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Real estate market still strong; prices rising in some areas

ADDISON COUNTY — According to data provided by local real estate experts, this summer’s home sales overall in Addison County have remained on par with the solid performance of 2017, while prices have begun to rise and properties are selling faster.
A major factor in the higher prices and quicker sales is tighter supply, experts said: There are fewer homes on the market in 2018 than in 2017, and competition for desirable properties appears to be having an effect.
At the same time, some segments of the market are lagging compared to others. Addison County’s northern half continues to see stronger sales numbers and prices than the southern half, and there might be softening in the market for lakefront properties, particularly second homes.
Vergennes appraiser Bill Benton, until earlier this year also Middlebury’s longtime town assessor, said Realtors’ Multiple Listing Service data is clear: Sales are virtually identical year-to-year through the MLS, 182 through the end of July 2017, compared to 177 in the first seven months of 2018.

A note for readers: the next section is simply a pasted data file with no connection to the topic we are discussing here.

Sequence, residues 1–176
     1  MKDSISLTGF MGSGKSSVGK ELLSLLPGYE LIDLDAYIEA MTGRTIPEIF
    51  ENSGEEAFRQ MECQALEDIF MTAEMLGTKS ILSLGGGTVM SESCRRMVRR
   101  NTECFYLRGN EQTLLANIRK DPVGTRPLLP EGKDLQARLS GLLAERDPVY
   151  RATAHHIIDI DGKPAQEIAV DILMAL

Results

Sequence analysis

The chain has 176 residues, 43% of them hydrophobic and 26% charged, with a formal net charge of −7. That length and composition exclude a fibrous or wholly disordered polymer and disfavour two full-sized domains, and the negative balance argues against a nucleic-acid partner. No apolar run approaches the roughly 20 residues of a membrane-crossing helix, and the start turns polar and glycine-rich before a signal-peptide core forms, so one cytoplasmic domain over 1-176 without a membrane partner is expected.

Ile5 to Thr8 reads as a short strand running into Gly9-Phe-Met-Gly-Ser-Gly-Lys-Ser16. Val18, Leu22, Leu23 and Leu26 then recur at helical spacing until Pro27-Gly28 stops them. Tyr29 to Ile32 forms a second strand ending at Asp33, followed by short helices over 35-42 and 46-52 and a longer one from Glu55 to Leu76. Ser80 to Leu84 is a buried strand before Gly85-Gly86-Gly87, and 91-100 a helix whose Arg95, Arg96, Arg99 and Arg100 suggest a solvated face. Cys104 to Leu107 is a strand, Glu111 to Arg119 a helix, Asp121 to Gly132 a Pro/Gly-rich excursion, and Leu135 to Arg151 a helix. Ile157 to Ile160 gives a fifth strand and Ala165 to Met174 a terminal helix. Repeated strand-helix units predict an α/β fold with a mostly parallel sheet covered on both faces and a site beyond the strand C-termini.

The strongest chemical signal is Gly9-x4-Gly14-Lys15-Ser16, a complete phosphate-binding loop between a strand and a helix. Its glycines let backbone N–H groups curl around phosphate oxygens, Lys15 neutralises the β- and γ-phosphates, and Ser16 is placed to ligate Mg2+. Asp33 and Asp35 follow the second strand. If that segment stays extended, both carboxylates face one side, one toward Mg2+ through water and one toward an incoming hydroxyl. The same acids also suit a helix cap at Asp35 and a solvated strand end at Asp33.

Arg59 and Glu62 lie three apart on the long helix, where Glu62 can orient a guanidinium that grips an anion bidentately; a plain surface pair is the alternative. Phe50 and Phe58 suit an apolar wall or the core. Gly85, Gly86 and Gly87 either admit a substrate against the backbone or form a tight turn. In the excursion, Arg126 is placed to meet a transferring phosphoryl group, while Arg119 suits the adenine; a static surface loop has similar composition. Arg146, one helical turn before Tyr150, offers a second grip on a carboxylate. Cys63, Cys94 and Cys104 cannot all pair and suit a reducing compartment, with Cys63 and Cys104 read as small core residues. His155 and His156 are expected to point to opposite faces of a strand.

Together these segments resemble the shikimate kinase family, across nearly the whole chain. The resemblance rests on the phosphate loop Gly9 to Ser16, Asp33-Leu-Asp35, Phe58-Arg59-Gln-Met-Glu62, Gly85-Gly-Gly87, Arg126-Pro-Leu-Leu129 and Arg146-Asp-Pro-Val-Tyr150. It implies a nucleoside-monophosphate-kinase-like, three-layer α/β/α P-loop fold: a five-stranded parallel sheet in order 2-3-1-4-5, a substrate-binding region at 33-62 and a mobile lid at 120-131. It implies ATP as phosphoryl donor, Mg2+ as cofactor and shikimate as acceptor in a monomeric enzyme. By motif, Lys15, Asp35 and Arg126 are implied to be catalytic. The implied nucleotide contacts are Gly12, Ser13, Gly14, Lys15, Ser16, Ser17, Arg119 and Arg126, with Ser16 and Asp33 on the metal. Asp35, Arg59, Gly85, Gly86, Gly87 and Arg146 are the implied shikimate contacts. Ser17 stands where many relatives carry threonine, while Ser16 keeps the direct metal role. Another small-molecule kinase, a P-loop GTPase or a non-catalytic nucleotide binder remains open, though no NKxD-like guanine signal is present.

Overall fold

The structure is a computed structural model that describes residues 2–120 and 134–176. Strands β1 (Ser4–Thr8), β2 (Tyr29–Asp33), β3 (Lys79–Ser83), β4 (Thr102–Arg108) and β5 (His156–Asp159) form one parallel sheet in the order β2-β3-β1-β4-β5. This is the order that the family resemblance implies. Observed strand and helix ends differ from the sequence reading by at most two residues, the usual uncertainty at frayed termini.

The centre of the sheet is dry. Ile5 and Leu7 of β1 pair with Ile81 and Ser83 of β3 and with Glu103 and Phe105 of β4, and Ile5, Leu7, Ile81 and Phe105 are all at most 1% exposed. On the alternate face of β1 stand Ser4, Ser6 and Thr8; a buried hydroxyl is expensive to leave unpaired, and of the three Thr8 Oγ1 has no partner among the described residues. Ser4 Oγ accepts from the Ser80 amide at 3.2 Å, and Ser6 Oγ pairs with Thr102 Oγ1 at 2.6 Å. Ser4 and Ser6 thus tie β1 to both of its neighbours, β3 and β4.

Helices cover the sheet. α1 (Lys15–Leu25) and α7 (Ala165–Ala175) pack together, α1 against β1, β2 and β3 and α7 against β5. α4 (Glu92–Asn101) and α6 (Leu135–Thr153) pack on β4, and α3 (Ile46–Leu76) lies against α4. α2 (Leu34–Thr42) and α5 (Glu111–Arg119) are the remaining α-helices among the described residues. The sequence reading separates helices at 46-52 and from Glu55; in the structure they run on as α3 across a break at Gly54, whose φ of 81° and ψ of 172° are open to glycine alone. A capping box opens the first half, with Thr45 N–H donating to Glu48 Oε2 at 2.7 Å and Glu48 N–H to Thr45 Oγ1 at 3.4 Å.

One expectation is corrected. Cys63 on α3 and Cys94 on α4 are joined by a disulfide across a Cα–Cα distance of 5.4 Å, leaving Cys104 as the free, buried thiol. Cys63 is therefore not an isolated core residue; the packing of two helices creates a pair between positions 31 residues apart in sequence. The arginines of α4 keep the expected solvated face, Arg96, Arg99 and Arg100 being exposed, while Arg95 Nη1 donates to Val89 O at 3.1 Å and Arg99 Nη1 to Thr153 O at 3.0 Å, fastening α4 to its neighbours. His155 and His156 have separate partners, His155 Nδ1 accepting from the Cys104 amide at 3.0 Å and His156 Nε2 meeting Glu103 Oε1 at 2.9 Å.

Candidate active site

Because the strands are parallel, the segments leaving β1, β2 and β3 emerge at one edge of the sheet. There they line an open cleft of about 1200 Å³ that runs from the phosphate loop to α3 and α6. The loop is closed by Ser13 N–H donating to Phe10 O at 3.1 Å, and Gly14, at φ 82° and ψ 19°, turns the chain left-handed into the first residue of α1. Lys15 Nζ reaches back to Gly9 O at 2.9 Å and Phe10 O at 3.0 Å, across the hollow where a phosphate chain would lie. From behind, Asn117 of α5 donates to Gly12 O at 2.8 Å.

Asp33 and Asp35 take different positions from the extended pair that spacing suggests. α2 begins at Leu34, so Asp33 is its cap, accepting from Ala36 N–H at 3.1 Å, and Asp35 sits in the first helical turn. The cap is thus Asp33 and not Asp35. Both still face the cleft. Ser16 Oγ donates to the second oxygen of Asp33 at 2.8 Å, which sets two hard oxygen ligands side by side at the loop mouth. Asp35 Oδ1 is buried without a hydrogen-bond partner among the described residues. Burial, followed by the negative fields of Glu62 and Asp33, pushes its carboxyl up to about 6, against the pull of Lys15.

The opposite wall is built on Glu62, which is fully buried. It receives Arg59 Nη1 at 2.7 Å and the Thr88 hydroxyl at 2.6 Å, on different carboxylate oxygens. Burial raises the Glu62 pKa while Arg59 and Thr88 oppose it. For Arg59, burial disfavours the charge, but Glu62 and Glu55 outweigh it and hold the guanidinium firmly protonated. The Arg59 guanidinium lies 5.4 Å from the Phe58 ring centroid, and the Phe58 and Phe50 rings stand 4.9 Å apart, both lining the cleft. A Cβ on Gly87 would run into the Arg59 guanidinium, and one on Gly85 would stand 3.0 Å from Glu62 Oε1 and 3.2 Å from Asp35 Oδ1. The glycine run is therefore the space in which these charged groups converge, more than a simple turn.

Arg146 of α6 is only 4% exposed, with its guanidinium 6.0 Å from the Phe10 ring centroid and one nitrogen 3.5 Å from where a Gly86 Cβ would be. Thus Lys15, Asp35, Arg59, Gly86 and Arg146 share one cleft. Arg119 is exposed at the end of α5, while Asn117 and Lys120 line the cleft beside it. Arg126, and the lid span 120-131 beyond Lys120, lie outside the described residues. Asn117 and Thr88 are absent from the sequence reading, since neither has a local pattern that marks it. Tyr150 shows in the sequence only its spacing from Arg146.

Meanwhile in the first seven months of this year homes lasted on the market an average of 125 days, compared to 147 days in 2017, and the median sales price rose from $247,950 to $265,000 year-to-year in the same time period.
Why? The data show 80 fewer homes for sale countywide on July 31 of this year than on the same date in 2017.
Benton, who sees home prices up by 3 or 4 percent from a year ago, cited the law of supply and demand.
“Last year there were 300 listings. This year there are 220,” Benton said. “So you’ve got a 20, 25 percent reduction in active listings. So that squeezes the market.”